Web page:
“I actually like to floss.”
So many things have been said and written about Charles Anthony Bennett this past week. Reports surrounding his involvement in Indiana’s A-F grading system have been everywhere and extended well beyond the realm of education wonks. Seeing your close friends and former colleagues on the front pages is not new to me, but the speed at which folks’ existing impressions of Tony (positive or negative) have been repeated and reinforced across all venues is nonetheless a reminder that public service is not for the faint of heart.
Amidst all the commotion, I would suggest that the five words above—calmly spoken a couple years back over an early morning cup of coffee in the Indiana statehouse—illustrate exactly who Tony Bennett is.
K-12 education does not suffer from a lack of viable solutions to its challenges. Republicans and Democrats do not agree on all the finer points either within their own party or with their colleagues on the other side of the aisle, but the necessary changes (empowering and rewarding great teachers, holding schools accountable, providing robust choices to families) are relatively straightforward.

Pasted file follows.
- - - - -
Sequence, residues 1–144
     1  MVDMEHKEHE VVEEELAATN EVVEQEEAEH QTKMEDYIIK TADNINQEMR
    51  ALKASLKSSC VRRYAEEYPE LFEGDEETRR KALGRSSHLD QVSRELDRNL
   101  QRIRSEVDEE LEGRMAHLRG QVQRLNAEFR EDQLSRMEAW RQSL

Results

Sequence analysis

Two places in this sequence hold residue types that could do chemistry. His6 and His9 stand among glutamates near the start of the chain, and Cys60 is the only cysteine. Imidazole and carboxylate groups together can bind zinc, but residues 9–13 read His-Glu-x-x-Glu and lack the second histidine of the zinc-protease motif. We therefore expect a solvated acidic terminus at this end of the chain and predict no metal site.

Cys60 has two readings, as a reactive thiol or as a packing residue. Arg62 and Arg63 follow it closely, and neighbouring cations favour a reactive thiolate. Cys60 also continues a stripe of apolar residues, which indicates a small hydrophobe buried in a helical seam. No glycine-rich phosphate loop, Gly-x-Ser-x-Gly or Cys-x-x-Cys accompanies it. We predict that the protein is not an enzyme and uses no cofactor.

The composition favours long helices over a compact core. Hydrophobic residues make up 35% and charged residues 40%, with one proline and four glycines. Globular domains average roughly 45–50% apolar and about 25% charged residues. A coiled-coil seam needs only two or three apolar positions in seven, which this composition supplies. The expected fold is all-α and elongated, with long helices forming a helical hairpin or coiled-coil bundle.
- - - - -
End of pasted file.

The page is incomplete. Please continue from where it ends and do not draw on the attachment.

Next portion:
The issue has always been the political willpower to do what must be done. And that’s why Tony Bennett is a man whom individuals far more talented than myself have been willing to run through a wall for.
The man likes to floss.
Over the past several years, his children have graduated from great schools. He has